• WUSF: Despite Flooding And Water Rescues, Tropical Storm Eta Largely Spares Tampa Bay Area. “No injuries are reported to any citizens or deputies as a result of the rescues.”
• News Service of Florida: Court Battles Continue Over Florida Domestic Violence Agency. “Florida’s attempt to recoup millions of dollars paid to Tiffany Carr, the former CEO of the Florida Coalition Against Domestic Violence, is inching along, as Carr and the agency’s ousted directors duke it out in court with Gov. Ron DeSantis’ administration, Attorney General Ashley Moody’s office and two insurance companies.”
• Miami Herald ($): After 3-day recount, incumbent Democrat loses Senate seat to Ileana Garcia by 34 votes. “In a video posted shortly after the recount was done, (Democratic incumbent José Javier) Rodríguez conceded and called for an investigation into the race, raising concerns about the influence of a third-party candidate backed by dark money who received more than 6,300 votes in an election decided by a few dozen out of more than 215,000.”
• NPR News: Jeffrey Epstein’s Former Prosecutors Used ‘Poor Judgment’ In Deal, DOJ Says. “Under the agreement, Epstein served 13 months in Palm Beach County jail with a work release during the day. He also had to register as a sex offender.”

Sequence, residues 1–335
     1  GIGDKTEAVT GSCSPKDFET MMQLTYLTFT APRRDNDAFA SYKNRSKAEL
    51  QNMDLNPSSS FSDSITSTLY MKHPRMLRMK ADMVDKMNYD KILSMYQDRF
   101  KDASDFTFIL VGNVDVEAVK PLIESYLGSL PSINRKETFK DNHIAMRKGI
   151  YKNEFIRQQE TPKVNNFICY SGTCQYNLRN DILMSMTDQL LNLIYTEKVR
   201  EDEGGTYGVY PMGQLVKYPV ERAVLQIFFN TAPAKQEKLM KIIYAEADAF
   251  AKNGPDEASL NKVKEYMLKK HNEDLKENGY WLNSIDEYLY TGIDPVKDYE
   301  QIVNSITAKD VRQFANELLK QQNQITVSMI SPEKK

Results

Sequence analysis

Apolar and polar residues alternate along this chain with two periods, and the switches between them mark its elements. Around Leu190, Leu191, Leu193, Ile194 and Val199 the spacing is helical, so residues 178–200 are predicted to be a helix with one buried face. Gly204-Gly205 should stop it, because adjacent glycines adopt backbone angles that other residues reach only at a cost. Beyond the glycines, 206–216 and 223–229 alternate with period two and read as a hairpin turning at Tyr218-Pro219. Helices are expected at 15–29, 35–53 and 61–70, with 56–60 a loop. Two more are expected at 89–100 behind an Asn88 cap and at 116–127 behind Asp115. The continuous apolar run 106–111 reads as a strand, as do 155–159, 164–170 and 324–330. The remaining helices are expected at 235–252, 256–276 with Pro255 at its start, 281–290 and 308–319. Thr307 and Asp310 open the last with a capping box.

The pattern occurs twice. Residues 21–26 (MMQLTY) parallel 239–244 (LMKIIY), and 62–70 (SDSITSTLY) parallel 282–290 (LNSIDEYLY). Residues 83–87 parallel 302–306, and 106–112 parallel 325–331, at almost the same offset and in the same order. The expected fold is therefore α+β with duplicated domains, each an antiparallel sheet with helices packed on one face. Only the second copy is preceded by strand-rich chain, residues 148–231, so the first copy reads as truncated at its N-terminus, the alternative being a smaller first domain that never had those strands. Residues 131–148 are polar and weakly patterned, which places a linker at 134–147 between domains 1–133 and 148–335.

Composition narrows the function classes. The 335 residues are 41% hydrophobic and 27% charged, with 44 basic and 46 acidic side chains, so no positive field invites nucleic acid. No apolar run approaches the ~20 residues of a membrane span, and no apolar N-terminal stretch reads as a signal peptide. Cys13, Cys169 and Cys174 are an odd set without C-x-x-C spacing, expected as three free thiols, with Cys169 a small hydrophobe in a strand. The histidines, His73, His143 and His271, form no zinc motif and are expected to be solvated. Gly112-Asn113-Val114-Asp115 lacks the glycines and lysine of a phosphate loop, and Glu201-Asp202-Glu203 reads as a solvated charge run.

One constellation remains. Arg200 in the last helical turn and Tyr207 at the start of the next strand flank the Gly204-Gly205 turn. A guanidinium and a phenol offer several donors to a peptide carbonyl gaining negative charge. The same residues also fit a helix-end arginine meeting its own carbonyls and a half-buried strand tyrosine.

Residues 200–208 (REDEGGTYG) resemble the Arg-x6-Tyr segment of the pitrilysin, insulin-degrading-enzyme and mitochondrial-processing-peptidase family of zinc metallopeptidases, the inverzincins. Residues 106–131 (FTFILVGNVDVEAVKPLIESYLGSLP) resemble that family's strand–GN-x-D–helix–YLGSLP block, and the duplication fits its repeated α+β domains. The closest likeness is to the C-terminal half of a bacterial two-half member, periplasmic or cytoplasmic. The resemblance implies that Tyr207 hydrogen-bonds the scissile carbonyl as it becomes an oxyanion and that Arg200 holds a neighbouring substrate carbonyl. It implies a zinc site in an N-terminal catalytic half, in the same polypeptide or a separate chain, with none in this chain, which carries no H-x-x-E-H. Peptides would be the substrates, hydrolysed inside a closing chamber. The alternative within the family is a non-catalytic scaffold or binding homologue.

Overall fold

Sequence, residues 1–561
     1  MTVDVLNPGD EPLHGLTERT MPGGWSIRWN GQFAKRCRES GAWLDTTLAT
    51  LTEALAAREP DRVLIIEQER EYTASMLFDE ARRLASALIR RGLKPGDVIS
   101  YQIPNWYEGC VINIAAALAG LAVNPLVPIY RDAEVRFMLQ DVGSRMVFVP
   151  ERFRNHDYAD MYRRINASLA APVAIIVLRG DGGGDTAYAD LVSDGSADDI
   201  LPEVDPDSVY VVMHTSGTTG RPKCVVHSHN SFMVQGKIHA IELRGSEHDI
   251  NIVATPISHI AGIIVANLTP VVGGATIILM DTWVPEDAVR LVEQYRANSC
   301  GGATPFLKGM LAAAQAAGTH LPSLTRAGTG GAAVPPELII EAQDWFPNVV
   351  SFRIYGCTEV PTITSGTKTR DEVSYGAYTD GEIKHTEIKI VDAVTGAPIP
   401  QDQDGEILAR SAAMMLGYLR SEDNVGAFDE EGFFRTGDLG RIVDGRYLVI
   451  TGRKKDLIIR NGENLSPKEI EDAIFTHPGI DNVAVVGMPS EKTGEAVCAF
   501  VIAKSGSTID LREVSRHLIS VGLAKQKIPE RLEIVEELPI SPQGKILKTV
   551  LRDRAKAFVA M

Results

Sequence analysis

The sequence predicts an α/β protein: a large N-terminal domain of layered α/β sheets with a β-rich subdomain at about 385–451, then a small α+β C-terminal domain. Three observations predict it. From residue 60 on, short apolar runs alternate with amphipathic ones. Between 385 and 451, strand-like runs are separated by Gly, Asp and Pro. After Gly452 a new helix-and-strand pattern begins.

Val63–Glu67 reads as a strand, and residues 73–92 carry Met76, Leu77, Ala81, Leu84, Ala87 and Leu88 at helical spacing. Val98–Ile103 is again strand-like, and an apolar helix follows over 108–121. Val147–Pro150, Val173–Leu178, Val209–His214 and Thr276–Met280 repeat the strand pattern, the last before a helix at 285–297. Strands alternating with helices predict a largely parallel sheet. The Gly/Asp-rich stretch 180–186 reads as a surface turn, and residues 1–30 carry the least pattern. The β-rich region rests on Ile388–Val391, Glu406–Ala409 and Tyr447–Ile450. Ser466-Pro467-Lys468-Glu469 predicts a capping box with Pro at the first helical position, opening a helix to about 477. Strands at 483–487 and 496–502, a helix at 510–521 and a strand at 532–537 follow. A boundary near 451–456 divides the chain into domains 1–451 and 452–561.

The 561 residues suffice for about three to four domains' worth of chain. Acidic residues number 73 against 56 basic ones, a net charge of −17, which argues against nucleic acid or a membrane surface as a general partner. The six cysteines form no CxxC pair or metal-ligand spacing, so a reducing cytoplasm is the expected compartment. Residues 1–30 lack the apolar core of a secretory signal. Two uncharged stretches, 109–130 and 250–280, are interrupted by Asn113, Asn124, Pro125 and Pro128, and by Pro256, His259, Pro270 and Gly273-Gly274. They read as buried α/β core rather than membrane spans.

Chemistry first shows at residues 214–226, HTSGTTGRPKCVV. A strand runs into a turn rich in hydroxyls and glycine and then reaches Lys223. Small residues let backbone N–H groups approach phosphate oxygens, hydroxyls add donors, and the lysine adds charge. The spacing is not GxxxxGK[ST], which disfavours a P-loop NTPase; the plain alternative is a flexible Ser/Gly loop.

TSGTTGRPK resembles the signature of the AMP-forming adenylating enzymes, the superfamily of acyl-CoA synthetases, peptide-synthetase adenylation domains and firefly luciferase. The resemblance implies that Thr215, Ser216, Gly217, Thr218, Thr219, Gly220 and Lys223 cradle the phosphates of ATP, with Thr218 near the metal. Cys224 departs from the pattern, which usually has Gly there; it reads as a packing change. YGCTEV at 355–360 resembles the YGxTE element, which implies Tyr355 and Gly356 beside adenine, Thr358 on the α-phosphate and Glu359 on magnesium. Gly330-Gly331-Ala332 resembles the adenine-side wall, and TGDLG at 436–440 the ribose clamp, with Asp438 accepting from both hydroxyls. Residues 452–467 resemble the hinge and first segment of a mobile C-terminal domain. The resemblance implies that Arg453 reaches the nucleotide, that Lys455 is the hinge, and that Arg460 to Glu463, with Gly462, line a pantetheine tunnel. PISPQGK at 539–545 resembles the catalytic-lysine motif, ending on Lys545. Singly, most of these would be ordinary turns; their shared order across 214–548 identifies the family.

• Associated Press: Florida Governor Pushes ‘Anti-Mob” Proposal In Response To Protests. “An ‘anti-mob’ legislation drafted by Gov. Ron DeSantis and aimed at police brutality protests sprouting up in other cities would expand Florida’s Stand Your Ground law, a move critics say would allow bystanders to shoot and kill looters.”
• WFSU: Florida Pollster Credits New Change To Tight Margin Of Victory For Minimum Wage Proposal. “The economic impact statement on the ballot explained that passage of the amendment could lead to local tax increases and revenue reductions. This was the first year the statement was included on ballots.”
• Pensacola News Journal ($): Skanska facing 18 lawsuits — and counting — over loose barge debacle. “During Hurricane Sally in mid-September, barges owned by Skanska came unmoored and crashed into the Pensacola Bay Bridge and many surrounding shorelines. The bridge suffered significant damage and will remain closed for repairs through at least March 2021.”
• WTSP: Tom Brady’s dock breaks, sending jet skis floating away during Tropical Storm Eta. “Tampa Bay Buccaneers quarterback Tom Brady got his first big taste of tropical weather, having spent most of his career up north. The 43-year-old said he had a dock break and float away with jet skis on it as Eta pummeled the area.”
From NPR News
About today’s curator
I’m Ethan Magoc, a news editor at WUFT. Originally from Pennsylvania, I’ve found a home telling Florida stories. I’m part of a team searching each morning for local and state stories that are important to you; please send feedback about today’s edition or ideas for stories we may have missed to firstname.lastname@example.org.